Their relationship was based on a complete collaboration that would last for the duke’s whole lifetime, founded on trust and a natural division of duties. In fact, Ottaviano and Federico would study and examine internal and external political problems together: Federico would make the decisions and Ottaviano would implement them. The main task was to organise government and administration; Ottaviano organised an efficient court, choosing persons according to their merits and skills.
On Federico’s death (1482), Ottaviano became regent of the Duchy of Urbino, acting as a father and educating the young Guidubaldo di Montefeltro, the heir born to Federico and his beloved second wife, Battista Sforza.
Battista, born in 1446, eldest child of the Lord of Pesaro Alessandro and Costanza Varano, lost her mother at the age of 18 months. Already at 3 years of age, she began learning Latin, which was taught as a living language at the Pesaro court. At the age of 4, she was sent to Milan, to the court of her uncle, Francesco Sforza and his consort, Bianca Maria Visconti. Battista returned to take her place as a Lady at the Pesaro court at the age of 12.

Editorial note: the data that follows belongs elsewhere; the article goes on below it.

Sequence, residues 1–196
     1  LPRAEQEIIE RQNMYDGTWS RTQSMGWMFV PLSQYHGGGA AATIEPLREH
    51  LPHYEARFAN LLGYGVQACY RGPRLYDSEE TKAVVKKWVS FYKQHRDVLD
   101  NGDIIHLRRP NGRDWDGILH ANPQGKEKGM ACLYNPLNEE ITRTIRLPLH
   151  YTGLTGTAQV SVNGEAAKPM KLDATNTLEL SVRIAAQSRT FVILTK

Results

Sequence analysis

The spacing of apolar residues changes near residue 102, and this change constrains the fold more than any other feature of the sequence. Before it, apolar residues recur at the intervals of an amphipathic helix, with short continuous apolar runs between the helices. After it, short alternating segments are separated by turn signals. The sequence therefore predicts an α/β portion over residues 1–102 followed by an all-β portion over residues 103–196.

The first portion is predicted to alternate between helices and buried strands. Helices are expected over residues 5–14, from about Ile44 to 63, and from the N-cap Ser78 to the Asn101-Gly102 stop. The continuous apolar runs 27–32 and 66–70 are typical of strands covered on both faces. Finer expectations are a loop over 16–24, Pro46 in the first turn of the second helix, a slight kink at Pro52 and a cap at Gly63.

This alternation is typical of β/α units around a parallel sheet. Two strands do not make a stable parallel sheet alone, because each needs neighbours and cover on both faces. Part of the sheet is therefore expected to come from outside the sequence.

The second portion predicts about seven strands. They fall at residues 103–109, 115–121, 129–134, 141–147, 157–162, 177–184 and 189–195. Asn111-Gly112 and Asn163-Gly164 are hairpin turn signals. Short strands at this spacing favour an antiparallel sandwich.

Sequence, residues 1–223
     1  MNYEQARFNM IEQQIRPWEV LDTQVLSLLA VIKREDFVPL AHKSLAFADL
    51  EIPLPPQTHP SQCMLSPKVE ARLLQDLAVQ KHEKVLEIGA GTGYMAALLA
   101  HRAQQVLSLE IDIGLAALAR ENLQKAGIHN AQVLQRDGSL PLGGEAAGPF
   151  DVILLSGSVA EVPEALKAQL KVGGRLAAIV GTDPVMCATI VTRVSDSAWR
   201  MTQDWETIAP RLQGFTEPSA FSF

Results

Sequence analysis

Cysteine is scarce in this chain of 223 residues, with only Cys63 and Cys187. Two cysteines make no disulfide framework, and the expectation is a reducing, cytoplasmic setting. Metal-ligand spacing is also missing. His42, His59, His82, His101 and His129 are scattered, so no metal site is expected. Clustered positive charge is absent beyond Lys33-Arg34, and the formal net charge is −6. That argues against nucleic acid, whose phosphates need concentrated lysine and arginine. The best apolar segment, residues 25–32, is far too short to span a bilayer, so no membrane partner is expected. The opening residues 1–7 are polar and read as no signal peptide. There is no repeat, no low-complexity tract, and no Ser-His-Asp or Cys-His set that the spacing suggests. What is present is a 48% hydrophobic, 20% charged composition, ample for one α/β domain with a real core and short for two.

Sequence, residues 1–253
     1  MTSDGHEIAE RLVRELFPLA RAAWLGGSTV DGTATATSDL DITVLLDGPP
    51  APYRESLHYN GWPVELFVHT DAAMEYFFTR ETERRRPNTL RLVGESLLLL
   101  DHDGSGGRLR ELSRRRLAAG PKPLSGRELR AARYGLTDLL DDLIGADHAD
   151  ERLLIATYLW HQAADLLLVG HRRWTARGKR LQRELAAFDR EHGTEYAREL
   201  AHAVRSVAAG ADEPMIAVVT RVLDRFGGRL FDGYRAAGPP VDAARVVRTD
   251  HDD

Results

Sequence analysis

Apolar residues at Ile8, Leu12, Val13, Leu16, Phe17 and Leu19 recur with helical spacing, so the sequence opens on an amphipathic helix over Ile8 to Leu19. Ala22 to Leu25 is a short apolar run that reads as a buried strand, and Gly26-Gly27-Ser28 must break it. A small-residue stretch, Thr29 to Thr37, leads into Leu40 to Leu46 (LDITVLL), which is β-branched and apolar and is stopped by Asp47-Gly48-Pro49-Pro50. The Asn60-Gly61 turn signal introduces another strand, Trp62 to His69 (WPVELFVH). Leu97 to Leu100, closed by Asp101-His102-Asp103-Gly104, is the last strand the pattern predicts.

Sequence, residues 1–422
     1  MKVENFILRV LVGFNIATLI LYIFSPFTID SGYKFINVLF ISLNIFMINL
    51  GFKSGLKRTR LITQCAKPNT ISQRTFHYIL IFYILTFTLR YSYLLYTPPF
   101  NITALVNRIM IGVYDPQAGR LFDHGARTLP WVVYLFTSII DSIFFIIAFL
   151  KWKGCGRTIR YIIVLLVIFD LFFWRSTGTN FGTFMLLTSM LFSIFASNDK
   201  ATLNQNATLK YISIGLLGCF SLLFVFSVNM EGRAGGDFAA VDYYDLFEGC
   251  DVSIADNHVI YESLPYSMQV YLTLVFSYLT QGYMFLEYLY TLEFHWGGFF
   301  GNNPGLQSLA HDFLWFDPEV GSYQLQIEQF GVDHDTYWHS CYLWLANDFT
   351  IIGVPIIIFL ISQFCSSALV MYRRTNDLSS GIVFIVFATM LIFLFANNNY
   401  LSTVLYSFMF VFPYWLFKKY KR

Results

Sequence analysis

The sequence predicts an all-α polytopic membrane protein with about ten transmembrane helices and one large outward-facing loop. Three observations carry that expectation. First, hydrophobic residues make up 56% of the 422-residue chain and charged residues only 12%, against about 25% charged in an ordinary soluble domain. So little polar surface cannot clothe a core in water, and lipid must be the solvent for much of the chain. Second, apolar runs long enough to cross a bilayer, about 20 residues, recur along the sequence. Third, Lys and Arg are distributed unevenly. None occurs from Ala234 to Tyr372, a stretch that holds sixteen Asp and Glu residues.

Her decisive temperament and excellent culture, learned under the guidance of humanist teacher, Martino Filetico, meant that she was well known and esteemed in all of Italy’s courts. In 1459, the marriage agreement was settled in Mantua between 37-year-old Federico and the 13-year-old Battista. They married on 8 February 1460. Their marriage was marked by Federico’s obligatory absences, during which Battista governed in his place, taking care of the cultural development of the court and the ongoing construction work of the palace.
The young Battista died in 1472, leaving Federico to mourn her deeply, with many daughters and a young heir, the newborn Guidubaldo.
Like his father, Guidubaldo was a man of arms, but even more than his father, he was an intellectual. His court, ruled together with his elegant wife, Elisabetta Gonzaga from Mantua, is described by Baldassare Castiglione in his Book of the Courtier, which also contains the perfect portrayal of the Montefeltro residence: “a city in the shape of a palace”. Health problems meant that Guidubaldo left no heirs, but instead he adopted the son of his sister, Giovanna: Francesco Maria I della Rovere, who would become the 4th Duke of Urbino.